PvPvE is a double-edged sword, and one of the mechanics that currently make Aion a frustratingly fun title. Other MMORPGs are quick to segregate PVP-minded players not only from the general populace but also by level range, whereas in the world of Atreia, level 40 players can and will rift into Eltnen and gank your level 20 to their black heart's content. Even rifters closer to your own level will sometimes dominate you so thoroughly that you'd swear they must be doing something under the table. A quick check of their character page on the official site will likely reveal a tricked-out alt in full blue Daeva armor, gold weapons, and the best stigmas their main character's money could buy.
Aion PVP, while requiring a certain amount of research and know-how, is heavily gear based. Veteran players might bemoan the lack of 'skill' required of those who take the time to grind out blue gear, but it does give rookies very tangible goals and also allows people that don't PVP all day every day (like your humble columnist) a fighting chance in battle. Even with above average gear, combat in Atreia can be very tactical depending on the terrain, your aerial prowess, and a number of other factors that we'll explore in a forthcoming column.
You've taken your first step into a larger world.
So, what to do when you're two-shotted by that evil Asmo Spiritmaster as you're going about your business in Eltnen? Well, you can rage about it, or you can call in the cavalry via the global chat channels and in short order you'll have some high-level Elyos opening up cans of whoop-ass on said Spiritmaster, blasting him back toward his spawn point. Aion PVP really shines when done with a group, and most folks are more than willing to join forces and drive off a band of invaders. Whether you're chasing after a couple of rifters and protecting your fellow questers, or teaming up to take down an artifact or a fortress in the Abyss, you'll likely have more fun with friends. Solo PVP is definitely possible, but some classes are inherently better at it, and you'll want some good gear and a bit of practical experience before you go rifting into enemy territory sans a couple of squad mates.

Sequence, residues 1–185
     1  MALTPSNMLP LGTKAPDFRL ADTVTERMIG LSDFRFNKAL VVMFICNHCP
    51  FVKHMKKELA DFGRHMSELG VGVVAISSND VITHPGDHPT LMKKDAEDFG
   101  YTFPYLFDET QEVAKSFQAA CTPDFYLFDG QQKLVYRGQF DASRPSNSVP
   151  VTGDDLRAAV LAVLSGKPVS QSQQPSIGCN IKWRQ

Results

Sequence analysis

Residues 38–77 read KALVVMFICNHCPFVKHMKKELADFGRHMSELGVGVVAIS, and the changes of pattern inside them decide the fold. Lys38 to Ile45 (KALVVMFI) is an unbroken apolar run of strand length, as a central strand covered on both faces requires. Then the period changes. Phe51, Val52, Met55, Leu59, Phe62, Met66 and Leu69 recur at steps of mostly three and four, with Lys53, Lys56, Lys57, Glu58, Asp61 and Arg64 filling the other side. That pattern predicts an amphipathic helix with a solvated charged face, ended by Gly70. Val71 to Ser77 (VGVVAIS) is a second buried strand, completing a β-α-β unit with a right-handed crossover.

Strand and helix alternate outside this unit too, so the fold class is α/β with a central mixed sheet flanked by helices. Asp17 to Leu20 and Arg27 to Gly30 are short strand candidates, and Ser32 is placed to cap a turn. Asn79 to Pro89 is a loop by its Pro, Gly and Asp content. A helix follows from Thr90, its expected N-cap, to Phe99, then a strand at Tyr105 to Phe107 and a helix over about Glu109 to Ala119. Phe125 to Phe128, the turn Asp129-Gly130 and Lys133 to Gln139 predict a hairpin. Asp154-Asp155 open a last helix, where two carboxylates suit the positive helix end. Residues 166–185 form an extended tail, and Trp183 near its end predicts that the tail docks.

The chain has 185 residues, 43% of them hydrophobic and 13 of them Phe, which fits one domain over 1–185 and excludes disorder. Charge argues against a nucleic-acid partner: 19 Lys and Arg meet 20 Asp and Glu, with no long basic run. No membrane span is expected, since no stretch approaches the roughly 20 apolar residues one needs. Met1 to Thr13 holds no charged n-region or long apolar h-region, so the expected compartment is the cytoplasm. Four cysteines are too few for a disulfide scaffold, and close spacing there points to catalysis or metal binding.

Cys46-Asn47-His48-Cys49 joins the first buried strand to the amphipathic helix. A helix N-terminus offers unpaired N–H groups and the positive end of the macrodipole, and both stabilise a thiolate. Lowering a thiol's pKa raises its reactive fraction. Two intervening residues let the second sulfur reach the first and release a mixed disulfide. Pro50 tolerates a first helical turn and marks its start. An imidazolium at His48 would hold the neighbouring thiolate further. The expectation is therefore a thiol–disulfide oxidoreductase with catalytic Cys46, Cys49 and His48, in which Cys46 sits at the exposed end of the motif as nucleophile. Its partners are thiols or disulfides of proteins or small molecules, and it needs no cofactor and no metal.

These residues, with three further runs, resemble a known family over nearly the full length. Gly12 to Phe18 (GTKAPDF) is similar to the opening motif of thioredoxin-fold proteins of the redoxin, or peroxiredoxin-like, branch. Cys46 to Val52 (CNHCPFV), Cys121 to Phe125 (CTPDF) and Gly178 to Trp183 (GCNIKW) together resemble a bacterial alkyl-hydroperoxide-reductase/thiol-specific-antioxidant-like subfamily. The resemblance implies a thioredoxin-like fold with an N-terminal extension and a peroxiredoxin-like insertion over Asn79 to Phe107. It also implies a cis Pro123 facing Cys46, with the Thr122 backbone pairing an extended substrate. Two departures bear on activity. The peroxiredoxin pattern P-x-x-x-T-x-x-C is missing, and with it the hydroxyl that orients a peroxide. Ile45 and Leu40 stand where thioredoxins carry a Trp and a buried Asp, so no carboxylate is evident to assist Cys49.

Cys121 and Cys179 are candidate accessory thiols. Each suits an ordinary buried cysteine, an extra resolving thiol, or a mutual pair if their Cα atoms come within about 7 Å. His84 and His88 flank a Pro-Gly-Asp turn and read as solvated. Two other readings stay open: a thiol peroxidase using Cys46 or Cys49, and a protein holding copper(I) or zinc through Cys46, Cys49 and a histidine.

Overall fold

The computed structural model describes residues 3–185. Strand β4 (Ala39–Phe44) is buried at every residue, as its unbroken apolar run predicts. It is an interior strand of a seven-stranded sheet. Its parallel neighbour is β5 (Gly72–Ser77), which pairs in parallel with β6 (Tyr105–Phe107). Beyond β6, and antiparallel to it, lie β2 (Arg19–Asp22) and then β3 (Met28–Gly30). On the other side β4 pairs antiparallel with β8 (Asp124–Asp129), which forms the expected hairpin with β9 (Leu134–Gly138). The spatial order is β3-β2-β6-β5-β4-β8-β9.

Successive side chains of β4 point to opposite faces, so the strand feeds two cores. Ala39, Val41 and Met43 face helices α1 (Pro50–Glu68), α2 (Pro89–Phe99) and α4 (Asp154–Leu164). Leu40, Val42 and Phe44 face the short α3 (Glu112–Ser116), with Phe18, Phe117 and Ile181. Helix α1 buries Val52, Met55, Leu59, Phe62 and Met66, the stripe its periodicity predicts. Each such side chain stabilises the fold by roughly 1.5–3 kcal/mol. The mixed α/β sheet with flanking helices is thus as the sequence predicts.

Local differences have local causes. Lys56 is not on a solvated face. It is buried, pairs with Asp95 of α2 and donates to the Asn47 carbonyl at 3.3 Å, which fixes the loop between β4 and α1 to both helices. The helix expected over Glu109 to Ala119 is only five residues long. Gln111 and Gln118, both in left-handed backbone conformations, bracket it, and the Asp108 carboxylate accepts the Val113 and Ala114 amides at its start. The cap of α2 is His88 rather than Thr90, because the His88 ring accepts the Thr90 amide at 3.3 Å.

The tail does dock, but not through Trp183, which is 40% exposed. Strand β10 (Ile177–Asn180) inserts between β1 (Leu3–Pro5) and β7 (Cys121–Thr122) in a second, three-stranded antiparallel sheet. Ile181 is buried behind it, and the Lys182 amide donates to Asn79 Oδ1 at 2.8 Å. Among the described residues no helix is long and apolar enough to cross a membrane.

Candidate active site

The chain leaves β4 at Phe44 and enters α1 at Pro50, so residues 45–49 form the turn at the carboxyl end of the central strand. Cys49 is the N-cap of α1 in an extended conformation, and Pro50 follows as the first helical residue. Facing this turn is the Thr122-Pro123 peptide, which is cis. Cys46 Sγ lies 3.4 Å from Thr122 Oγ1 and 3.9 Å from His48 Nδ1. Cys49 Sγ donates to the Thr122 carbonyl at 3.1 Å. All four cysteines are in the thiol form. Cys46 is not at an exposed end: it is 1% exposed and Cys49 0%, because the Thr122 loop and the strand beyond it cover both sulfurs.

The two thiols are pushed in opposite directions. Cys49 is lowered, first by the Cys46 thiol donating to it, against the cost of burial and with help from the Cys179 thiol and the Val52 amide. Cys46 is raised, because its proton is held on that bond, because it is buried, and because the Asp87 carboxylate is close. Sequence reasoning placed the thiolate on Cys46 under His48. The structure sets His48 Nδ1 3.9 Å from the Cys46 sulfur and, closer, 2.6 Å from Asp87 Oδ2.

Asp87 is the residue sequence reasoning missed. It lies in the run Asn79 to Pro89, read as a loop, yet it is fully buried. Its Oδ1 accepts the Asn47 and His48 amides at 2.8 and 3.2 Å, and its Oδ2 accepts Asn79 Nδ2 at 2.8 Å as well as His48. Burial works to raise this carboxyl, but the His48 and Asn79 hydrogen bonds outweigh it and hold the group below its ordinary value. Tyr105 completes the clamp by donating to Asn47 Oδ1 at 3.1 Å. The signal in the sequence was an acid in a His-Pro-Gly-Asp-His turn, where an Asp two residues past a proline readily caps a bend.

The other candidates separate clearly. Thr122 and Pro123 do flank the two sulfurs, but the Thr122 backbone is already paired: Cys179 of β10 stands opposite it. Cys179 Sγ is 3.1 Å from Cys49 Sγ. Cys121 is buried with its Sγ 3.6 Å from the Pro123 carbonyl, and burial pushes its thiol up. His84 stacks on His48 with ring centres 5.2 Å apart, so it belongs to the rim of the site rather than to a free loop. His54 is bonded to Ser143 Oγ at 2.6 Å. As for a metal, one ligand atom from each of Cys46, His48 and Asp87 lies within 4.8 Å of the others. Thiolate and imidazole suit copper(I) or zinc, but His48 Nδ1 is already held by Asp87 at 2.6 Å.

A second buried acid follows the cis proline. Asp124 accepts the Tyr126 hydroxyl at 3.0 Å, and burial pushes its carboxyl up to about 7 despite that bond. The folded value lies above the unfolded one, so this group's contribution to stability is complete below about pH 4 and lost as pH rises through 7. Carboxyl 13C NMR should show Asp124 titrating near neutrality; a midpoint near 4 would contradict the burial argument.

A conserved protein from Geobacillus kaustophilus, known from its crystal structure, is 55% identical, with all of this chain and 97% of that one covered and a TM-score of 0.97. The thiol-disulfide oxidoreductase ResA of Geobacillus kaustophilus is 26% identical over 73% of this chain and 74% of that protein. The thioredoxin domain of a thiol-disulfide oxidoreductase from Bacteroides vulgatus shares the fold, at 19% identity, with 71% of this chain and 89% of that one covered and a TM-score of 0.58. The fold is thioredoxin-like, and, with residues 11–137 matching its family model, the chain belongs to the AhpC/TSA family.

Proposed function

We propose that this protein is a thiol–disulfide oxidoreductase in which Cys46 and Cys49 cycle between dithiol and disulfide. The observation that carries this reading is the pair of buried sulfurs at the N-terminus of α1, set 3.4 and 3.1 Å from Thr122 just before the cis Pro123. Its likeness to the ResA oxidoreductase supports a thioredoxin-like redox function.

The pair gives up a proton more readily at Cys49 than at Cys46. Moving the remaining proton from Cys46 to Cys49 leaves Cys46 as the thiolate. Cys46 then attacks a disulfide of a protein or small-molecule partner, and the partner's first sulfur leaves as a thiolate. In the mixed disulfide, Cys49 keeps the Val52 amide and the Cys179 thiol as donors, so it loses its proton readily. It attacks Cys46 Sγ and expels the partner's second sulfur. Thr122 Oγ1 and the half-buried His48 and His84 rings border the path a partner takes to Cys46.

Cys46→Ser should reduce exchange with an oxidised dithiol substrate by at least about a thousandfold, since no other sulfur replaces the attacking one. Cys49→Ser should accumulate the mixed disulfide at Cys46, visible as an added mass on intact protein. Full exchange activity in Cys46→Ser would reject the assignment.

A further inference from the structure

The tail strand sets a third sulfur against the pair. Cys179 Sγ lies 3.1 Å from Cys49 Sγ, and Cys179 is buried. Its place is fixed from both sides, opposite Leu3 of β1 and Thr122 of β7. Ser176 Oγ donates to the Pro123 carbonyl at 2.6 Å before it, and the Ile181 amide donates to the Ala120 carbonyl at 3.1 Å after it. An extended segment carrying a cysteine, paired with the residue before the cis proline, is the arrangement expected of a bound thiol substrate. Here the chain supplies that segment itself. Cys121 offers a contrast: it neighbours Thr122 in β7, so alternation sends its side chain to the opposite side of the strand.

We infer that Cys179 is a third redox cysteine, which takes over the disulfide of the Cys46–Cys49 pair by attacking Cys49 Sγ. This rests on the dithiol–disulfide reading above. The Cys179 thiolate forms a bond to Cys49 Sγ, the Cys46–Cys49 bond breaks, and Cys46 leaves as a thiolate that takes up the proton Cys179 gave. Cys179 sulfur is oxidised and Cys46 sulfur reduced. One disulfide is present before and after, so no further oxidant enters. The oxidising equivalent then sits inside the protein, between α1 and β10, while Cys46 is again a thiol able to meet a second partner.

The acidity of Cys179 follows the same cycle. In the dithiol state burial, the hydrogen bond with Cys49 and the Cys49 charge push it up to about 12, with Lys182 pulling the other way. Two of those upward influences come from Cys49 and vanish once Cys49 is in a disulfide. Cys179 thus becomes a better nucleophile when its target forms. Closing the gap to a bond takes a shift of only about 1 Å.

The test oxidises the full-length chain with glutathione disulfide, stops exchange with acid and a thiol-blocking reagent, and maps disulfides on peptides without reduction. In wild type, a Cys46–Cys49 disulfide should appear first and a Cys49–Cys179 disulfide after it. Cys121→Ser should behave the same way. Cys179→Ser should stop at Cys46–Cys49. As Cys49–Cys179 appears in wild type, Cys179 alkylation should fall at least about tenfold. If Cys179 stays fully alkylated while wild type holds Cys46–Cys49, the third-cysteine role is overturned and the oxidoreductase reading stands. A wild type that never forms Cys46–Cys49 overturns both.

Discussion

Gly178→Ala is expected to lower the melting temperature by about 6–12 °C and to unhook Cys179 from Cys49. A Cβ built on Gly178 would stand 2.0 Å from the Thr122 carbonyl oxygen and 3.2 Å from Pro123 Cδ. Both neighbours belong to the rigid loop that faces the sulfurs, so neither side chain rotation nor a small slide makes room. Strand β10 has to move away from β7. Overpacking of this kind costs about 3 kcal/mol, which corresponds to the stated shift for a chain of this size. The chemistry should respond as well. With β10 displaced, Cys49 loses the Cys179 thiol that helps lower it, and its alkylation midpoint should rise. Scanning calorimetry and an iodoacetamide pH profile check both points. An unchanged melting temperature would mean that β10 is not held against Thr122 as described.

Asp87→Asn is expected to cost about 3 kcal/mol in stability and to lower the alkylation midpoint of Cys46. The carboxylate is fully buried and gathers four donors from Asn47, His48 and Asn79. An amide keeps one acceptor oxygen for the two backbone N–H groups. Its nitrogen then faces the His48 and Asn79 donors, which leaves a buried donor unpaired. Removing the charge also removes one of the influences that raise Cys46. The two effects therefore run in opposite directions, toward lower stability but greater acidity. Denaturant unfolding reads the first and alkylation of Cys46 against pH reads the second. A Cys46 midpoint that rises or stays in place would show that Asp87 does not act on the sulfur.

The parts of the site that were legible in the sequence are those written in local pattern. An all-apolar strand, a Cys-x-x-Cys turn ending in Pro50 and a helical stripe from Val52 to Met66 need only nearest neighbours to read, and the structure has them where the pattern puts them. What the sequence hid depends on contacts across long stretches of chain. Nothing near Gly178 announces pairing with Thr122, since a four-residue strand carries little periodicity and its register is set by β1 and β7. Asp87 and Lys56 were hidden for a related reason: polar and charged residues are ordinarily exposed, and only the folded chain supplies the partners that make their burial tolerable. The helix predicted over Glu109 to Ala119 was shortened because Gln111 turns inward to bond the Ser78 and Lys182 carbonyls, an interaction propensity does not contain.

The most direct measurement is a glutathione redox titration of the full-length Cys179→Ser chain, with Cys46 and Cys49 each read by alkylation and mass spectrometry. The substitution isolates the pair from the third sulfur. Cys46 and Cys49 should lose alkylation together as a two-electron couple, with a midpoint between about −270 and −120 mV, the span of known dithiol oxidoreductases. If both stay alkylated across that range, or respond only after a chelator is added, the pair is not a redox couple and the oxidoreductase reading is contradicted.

The key to enjoying Aion is, just like your mother told you, moderation. Too much PVE (or PVP) makes your Daeva a dull boy, and the game allows you to progress using either method, or both. Leveling and experience gain are much faster in the free-for-all Abyss zone, but you'll also kill and be killed by players more often. Quests are more plentiful in the PVE and rift-enabled zones, but you won't accrue any AP (abyss points, basically PVP currency), which is ultimately used to purchase the best gear.
At the end of the day, Aion is a wolf in sheep's clothing. The game's early levels are all about PVE, and, given the fact that progression takes a bit longer than many contemporary games, newer players may be lulled into a false sense of security if they haven't read up on what to expect when they approach level 20 and expose themselves to the rifting zones. I suspect many folks are turned off by this, but I submit that it is very possible for traditional PVE-types to enjoy themselves and even seek out PVP after they've gotten over their obligatory omg!Haxzors! nerd-raging impulses.
If I, king of the carebears, managed to down several Asmodians and lead a level 50 on a lengthy, merry chase during my very first rifting excursion, then Aion's brand of PvPvE can certainly appeal to those who might otherwise shun a player-versus-player environment. Maybe there's something to this whole PVP thing after all. Is it possible that a carebear can learn the ways of the gank and become a PVPer like his father? Join us next week to find out.
Look! Up in the air! It's a bird, it's a plane, it's a snarky Daeva! Join Jef Reahard every Monday for news and views from the world of Aion. Whether he's soaring over the battlefield or hunkered down in the trenches, Jef is your combat correspondent in the world of Atreia.